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# SRI SATYA SAI INSTITUTE OF SCIENCE & TECHNOLOGY, SEHORE

## BE Vth SEM (EX)

EXPERIMENT NO - 1

## Apparatus Required: Step –up chopper Kit,

230 Volt /40Wlamp,
Power cord,
CRO,
Digital Multimeter.
Theory:

The basic step –up Chopper is shown in fig. The energy store in the
inductor in the on period of the switch Sc. The current flow through the inductor L
through the switch during Ton period and the Voltage VL across the inductor is equal
to V. When switch Sc is opened, the stored energy the inductor is discharged into
capacitor C and the load. During Toff period, the capacitor is assumed constant due
to large value of capacitor and also for steady operation, there must be zero average
voltage across L during the time period.

T = Ton+ Toff

Vc = V (Ton + Toff) = V T
Toff Toff

## Duty cycle δ = (1- Toff)/ T

So we get
Vc = V / (1 – δ)
If duty Cycle Approaches zero, and then we have

## Vc = V if delta approaches unity, we have Vc = V/o = ∞

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Thus theoretically the O/P Voltage can be varied from V to ∞ as delta is changed
from zero to one In practice delta is varied from 0 to 0.7.

The waveform across different components is shown in the fig. In the chopper
circuit Diode D2 protects the MOSFET against the negative surge voltage and the
capacitor C protects it against a positive voltage surge. The Chopper is operated at
the highest possible frequency in order to minimize the size of the filter.

Circuit Diagram:

Waveforms:

2
Procedure:

## 1. Ensure the frequency Potentiometer marked as FREQUENCY CONTROL

and “Duty Cycle Control” is fully in the extremely anti clockwise position
i.e. (minimum position).

2. Turn ON the main supply. The mains LED will glow. Ensure 230V, 40W
lamp is placed on lamp holder.

3. By controlling the Duty Cycle Control knob, Observed that the lamp
intensity can be controlled i.e. with increase in Duty Cycle the O/P voltage
increases.

4. The pulse I/P to the GATE of MOSFET can be observed across TP3 and
Ground and also observed the change in Duty Cycle.

## 5. We can changer the frequency by varying Potentiometer P1 & see the

change in frequency on CRO.

6. Observe the waveform at TP1, TP2, TP3 with respect to ground, as shown in
fig.

7. Observe the waveform across the job carefully and see the effect of changing
Ton & Toff periods of the MOSFET at the particular frequency.

8. The out put voltage across the lamp can be observed through a Multimeter
across the terminal TP6 &TP7.

9. The output waveform across the load can be seen across the Test Points.

Precaution:

## 1. Do not short the test points.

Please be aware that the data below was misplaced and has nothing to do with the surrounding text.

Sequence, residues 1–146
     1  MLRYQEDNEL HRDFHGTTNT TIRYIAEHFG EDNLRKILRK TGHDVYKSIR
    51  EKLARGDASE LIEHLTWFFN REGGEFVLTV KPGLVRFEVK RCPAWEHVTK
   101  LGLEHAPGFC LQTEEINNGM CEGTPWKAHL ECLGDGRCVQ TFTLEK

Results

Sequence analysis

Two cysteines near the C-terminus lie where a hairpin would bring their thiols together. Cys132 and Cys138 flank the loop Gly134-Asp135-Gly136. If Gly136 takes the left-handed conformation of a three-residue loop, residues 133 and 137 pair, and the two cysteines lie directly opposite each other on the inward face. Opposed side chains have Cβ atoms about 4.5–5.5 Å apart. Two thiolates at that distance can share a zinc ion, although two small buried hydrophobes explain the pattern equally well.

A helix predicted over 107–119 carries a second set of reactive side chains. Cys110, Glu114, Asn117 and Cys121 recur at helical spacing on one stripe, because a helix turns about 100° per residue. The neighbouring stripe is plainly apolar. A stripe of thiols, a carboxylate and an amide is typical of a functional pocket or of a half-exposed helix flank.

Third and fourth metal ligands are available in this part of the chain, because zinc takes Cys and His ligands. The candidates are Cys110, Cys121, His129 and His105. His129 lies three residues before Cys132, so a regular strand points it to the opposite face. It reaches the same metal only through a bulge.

2. Do not rotes the pots P1 & P2 very fast.0prete that in a gentle manner.

3. Limit the duty Cycle to a maximum of 90%. Total drawn from the power
supply must be monitored and should be with in current rating of the
power supply. (I.e. 5 Amps)

3
SRI SATYA SAI INSTITUTE OF SCIENCE & TECHNOLOGY, SEHORE

## BE Vth SEM (EX)

EXPERIMENT NO - 2

## Apparatus Required: Jone’s chopper Kit,

24Volt /30W lamp,
Power cord,
CRO,
Digital Multimeter.
Theory:

## A chopper can be considered as a switch used to obtained a variable

DC voltage from a source of constant DC voltage. Choppers are also terms as DC-
to-Dc Controllers or Time Ratio Controllers. TRC’s are used to obtain a fixed DC
I/P voltage from a variable DC voltage.

Operation Principle:

## The Jone’s Chopper circuit is based on class D commutation method.

The auxiliary Thyristor is used to switch a charged capacitor across the conducting
Thyristor with this additional Thyristor Ton and Toff can be independently controlled
the Thyristor SCR2 may be triggered first to charge the commutating capacitor C to
the polarity marked in the fig. When TH1 is triggered, the charge capacitor C
discharges around the path C, SCR1, L1, D2, and gets charged in the opposite
direction the diode D2 prevents the opposite current flow in the series circuit when
TH2 triggered reverse charged capacitor will be connected across the Thyristor
SCR1 and turn in off.

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If SCR 1 is triggered before the capacitor C is charged, then the loads
current in L2 will induced sufficient voltage of proper (i.e. opposite) polarity to
change C negatively.

Frequency Control:

## The potentiometer marked as frequency control varies the R-C time